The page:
Your financial health is crucial in many areas of your life. Being in a good financial position gives you the freedom to make choices. However, there are times when you might find yourself in financial trouble.
Perhaps something outside your control – a job layoff or a health crisis – pushed you into spiraling debt. Or it could be a problem of your own doing, like a wrong investment decision or uncontrolled spending. If you have exhausted all means to recover financially, borrowing from family and friends may be the only option left.
Asking for financial help from family and friends is more common than you think. A LendingTree survey showed that more than half of Americans have borrowed from family or friends within a year.
How to Borrow from Family and Friends
As much as it is embarrassing to ask for financial help, borrowing from family and friends is better than taking out a payday loan. They are more understanding and will be more lenient with repayment. On the other hand, it can be uncomfortable on your end and theirs. And if you are unable to repay on time or at all, it could strain your relationship. To prevent this, here are some tips to keep in mind when asking for financial help:
Determine How Much You Need
Be clear about the exact amount you need. It should not be much less that you have to ask for money again. And it should not be much more than you need that you might have a more challenging time repaying.
Choose the Right Person to Borrow From
Be strategic and considerate in deciding who to ask for financial help. It must be people you have a good relationship with and who are capable of lending you money. And if you know them to be generous and quick to help, they are the right people to borrow from.
Share Your Story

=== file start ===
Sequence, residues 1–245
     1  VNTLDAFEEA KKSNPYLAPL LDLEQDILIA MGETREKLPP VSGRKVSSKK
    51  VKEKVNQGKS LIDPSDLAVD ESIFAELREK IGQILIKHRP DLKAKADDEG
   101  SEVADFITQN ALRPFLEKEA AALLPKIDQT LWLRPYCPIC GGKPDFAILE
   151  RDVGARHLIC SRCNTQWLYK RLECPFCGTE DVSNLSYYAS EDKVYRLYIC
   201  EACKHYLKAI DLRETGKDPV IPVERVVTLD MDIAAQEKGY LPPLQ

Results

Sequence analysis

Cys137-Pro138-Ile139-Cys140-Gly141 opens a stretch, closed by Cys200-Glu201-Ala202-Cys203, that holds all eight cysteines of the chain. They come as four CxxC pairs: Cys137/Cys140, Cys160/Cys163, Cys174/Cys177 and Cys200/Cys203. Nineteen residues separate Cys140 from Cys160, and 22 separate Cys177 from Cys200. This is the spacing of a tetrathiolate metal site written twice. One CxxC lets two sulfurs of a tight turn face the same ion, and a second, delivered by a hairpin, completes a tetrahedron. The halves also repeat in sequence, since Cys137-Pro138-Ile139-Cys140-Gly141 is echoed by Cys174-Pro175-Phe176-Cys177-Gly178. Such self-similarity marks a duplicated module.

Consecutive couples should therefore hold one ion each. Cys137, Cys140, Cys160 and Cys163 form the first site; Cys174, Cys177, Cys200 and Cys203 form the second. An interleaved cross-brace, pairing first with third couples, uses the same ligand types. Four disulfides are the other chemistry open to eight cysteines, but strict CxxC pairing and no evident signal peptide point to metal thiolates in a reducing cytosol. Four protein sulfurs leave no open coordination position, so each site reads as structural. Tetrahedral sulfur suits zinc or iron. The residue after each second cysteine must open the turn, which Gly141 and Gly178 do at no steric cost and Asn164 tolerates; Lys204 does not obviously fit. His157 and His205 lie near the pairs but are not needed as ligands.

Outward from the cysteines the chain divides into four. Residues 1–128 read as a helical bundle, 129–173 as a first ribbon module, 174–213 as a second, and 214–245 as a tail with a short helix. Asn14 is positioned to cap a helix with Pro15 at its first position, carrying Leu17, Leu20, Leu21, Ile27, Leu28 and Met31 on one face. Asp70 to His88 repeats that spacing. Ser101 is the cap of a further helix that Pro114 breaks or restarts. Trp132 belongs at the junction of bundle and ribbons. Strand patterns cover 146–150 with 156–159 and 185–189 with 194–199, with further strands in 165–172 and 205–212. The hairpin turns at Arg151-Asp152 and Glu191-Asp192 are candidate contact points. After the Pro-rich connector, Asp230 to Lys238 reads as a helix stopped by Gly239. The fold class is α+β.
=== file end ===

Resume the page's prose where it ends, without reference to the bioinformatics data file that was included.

Don’t start your conversation by asking for money straight up. Share how you got into your problem in the first place. You need to build empathy and trust. If they see your honesty and humility, they will be more willing to help.
Explain Your Efforts
Before even you borrow, do everything you can to keep the loan amount low by cutting your expenses and doing extra work. Explain what you have already done and why it is still not enough. Make them understand they are last your resort, not the first.
Be Clear About What You Are Asking For
Don’t give a long sob story and not be clear that you need money. Don’t beat around the bush. Be specific about how much you need, how you arrived at that amount, and what you will use it for. Always ask politely and respectfully. And do it in person, not over the phone, text, or email.
Give Flexible Options
Offer alternatives that they are more comfortable with. You can pay interest on a larger amount or ask for an interest-free loan on a smaller amount. Request if you can pay in installments with interest. Your family member or friend may even decide to give you a smaller amount but as a gift, not a loan.
Have a Clear Repayment Plan
Specify when you will repay the loan. Be realistic with your timeline as you want to be true to your word. It is better to pay in installments, even if they are small amounts over a more extended period. Then put it in writing.
Offer Services in Exchange
To show your appreciation and be known as a giver, not just a taker, offer to do something for them. It can be doing chores, running errands, babysitting, or whatever skill you can provide that they would otherwise pay someone else to do. If it is something they value, you can even be creative and offer your services as a partial loan payment.
Give Them an Out
To avoid awkwardness, give them time to think things over, so they do not feel pressured. If you sense hesitation, assure them it is not a problem if they cannot give you a loan. Instead, you can ask for their advice or referral, which they will gladly share.
Fix the Underlying Problem
You don’t want to be that person who asks everyone for money. So, you must deal with the cause of your financial difficulty. Asking for financial help once or twice is fine until you get back on track. But don’t make it a habit. And if you do find yourself in a better financial position and someone is in financial trouble, pay it forward by offering to help.